• *hot tubs, showers, baths hot weather, prolonged sitting or standing ophysical excercise and alcohol igestiong may aggravate low bp leading to fainting and injury sit or lie down until symptoms subside
    • *don take any other medications including OTC drugs w./out first gettting the approval of the md
    • *keep journal of regula BP
  91. Antihypertensives AE
    dizziness, orthostatic hypotension, fatigue and toxic effects
  92. antihypertensives Therapeutic effects
    • *blood pressure should be maintaiined at less than 130/90
    • *if a pt with htn also has diabetes or renal disease the bp goal is less than 130/90
  93. coagulation modifier drugs
    • *anticoagulants
    •  -inhibit the action or formation of clotting factors
    •  -prevent clot formation
    • *antiplatelet
    •  -inhibit platelet aggregation
    •  -prevetn platelet plugs
    • *thrombolytic drugs
    •  -lyse (break down) existing clots
  94. hemostasis system
    • *the process that halts bleeding after injury to a blood vessel
    • *complex relationship between subsances that promote clot formatin and either inhibit coagulation or dissolve a formed clot
  95. coagulation system
    • *'cascade'
    • *each activated factor serves as a catalyst that amplifies the next reaction
    • *result is fibrin, a clot forming substance
    • *intrinsic pathway and exrtinsic pathway
  96. anticoagulants
    • * have no direct effect on a blood clot that is already formed- DO NOT LYSE existing clots
    • *used to prophylactically to prevent
    •  -clot formation (thrombus)
    •  -an embolus (dislodged clot)
    • *work on different points of the clottign cascade
    • *all ultimately PREVENT clot formation
    • *heparin and low molecular weight heparing
    •  -turn off coagulation pathway and prevent clot formation
    • *warfarin (coumadin)
    •  -works by inhibiting vit K synthesis by bacteria in intestinal tract-.inhibits clotting factors
    •  
  97. Prevention of clot formation also prevents
    • *stroke
    • *MI
    • *DVT
    • *PE
    • *use to prevent clot formation in certain settings where clot formation is likely:
    •  _MI, unstable angina, afib, indwelling devices, such as heart valves, major orthopedic surgery
    • **AE: BLEEDING 
  98. Heparin
    • *monitored by activated partial thromboplastin times (aPTTs)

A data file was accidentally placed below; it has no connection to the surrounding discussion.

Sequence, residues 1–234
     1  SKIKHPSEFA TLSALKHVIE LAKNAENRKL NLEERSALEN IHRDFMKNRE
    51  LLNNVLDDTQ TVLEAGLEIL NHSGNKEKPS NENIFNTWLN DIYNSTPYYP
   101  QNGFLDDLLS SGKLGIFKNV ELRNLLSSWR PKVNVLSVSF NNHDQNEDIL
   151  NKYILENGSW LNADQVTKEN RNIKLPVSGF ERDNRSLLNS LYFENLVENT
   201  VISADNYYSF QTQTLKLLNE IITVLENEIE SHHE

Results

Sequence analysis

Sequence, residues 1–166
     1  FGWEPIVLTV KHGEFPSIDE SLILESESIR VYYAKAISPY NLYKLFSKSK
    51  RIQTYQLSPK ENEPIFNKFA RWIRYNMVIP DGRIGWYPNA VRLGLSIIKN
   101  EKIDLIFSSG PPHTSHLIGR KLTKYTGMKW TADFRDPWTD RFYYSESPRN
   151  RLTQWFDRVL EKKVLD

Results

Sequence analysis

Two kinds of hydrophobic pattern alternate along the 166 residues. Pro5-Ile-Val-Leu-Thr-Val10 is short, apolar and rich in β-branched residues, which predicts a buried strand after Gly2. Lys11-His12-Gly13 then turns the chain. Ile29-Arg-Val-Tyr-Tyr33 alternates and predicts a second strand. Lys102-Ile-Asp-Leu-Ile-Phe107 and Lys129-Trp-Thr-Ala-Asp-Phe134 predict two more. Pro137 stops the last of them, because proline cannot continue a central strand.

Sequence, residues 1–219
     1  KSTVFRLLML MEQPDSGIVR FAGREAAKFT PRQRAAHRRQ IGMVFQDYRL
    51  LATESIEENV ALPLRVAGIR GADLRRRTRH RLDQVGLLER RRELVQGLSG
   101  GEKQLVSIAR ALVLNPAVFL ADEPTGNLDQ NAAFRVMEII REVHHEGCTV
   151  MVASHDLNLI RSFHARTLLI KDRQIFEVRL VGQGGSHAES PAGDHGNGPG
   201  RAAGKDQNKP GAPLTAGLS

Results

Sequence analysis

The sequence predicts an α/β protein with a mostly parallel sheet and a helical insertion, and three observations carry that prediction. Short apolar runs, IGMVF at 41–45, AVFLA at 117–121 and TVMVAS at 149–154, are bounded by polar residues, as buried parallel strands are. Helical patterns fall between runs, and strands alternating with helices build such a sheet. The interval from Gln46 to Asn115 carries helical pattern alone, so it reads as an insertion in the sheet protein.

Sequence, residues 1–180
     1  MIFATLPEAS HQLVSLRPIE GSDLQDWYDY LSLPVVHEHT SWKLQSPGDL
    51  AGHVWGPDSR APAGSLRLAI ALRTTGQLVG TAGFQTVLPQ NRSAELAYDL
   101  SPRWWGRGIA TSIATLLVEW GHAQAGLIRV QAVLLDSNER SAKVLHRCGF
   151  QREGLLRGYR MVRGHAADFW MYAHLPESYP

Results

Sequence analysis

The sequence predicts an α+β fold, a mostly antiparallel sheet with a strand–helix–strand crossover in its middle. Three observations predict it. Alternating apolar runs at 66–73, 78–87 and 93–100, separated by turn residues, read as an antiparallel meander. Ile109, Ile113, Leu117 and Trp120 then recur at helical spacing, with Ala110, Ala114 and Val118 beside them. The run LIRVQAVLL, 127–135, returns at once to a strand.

• *toxicity: effects reversed by protamine sulfate
    • *parenteral (IV or SQ)
    • *short half life (1-2 hrs)
  99. low molecular weight heparins
    • *enoxaparin(lovenox) and dalteparin (fragmin)
    • *more predictable anticoagulatant response
    • *do not require frequent laboratory monitoring of aPTT, however MUST MONITOR PLATELET COUNT
    • *give SQ
  100. Heparin nrsg implications
    • *CRITICAL ASSESS FOR ADMIN: aPTT, platelets
    • *IV doses are usually double checked  w/ another nurse
    • *ensure the SC doses are given SC not IM
    • *SC doses should be given in areas of deep SC fat, and sites rotated
    • *LMWH must be given in th eabd SC
    • *do not give SC doses w/in 2 inches of:
    •  -the umbilicusm abd incisions, or open wounds, scars, drainage tubes, stomas
    • *donot aspirate SC injections or massase injection site
    •  -may cause hematoma formation
  101. Warfarin (coumadin)
    • *given orally only
    • *monitored by PT & INR
    • *clients not on warfarin should have INR of 1.0
    • *client on warfarin-therapeutic range of 2-3.5 depending on indication
    • *toxicity: antidote is Vitamin K
    • *long duration of action 2-5 days
    • *long half life of 1/2 -3 days
  102. warfarin nrg implications
    • * may be started while the pt is still on heparin until PTINR levels indicate adequate anticoagulation
    • *full therapeutic effect takes several days
    • *monitor PTINR regularly- keep f/u appts
    • *antidote is Vit K
    • *many herbal products have potential interactions- increas bleeding may occur
    •  -capsicum, garlic, ginger, gingko, ginseng, feverfew